AMBASSADOR RICE: I can’t give you a list. I can tell you that there are a good number, House and Senate, bipartisan. And one of the most gratifying things about working on Africa policy is that, for many decades now, U.S.-Africa policy has been something that has been executed on a bipartisan basis. So there is a broad cross-section of members that are excited about coming on this trip, and we look forward to hosting them.

MR. EARNEST: Byron, we’ll try to get you a list tomorrow.

Q Okay. Could you say why the First Lady and the First Daughters aren’t going on this trip?

AMBASSADOR RICE: For no other reason, I think, in that they all have things they’re doing for their summer, especially the girls.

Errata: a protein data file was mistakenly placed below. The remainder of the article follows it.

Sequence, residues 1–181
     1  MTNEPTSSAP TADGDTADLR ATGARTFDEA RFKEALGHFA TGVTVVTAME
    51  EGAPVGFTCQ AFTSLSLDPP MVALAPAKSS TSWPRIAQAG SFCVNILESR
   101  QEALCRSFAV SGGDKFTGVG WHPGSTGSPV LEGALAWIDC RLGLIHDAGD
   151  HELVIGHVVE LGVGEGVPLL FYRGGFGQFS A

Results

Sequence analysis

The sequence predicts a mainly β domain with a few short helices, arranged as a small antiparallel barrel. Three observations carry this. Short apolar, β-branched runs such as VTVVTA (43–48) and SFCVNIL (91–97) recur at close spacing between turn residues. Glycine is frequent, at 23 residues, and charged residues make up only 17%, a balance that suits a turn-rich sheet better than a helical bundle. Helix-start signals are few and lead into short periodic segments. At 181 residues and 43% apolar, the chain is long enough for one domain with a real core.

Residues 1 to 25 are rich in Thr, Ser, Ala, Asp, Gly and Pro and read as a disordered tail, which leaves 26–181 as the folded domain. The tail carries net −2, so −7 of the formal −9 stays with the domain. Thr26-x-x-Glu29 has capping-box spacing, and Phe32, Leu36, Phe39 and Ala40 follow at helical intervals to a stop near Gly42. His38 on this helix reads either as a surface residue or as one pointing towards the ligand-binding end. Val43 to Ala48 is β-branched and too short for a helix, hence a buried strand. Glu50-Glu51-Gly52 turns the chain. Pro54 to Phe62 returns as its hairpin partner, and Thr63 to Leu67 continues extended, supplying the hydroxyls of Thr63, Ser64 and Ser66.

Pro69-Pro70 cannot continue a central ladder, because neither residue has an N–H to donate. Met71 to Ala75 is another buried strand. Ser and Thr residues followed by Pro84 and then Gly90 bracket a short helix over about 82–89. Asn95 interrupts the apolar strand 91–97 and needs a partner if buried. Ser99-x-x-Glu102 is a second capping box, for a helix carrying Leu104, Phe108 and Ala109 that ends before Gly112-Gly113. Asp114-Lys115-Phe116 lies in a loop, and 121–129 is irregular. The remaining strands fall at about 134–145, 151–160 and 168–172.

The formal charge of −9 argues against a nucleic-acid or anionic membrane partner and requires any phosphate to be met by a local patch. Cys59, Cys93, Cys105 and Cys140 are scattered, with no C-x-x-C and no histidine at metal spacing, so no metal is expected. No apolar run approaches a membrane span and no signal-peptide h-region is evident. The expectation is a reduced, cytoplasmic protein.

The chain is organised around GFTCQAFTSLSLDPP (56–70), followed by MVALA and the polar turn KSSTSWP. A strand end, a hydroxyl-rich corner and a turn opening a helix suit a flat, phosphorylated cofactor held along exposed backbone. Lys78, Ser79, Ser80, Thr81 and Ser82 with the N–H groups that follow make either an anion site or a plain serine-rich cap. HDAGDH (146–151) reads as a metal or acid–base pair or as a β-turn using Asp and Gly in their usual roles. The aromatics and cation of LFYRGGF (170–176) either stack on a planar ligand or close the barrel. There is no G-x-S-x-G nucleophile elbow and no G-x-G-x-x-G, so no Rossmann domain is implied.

Q And one last one. What are the administration’s concerns about Islamic State’s presence in Africa? And will this be a focus of any of the bilats and multilats?

AMBASSADOR RICE: Counterterrorism will certainly be a focus of both the bilats and the multilateral discussions that we have. We’re going to East Africa where, thus far, the Islamic State has had less of a footprint and a presence than some of al Qaeda-related affiliates.

In West and North Africa, obviously we have seen ISIL become an increasing presence, particularly in the Maghreb, but also in Nigeria. So yes, we’ll be talking about counterterrorism. Not to exclude ISIL from that discussion, but in East Africa the focus is principally on other groups.

MR. EARNEST: Cheryl.

Q Do you expect to announce any new trade initiatives or business partnerships while you’re there?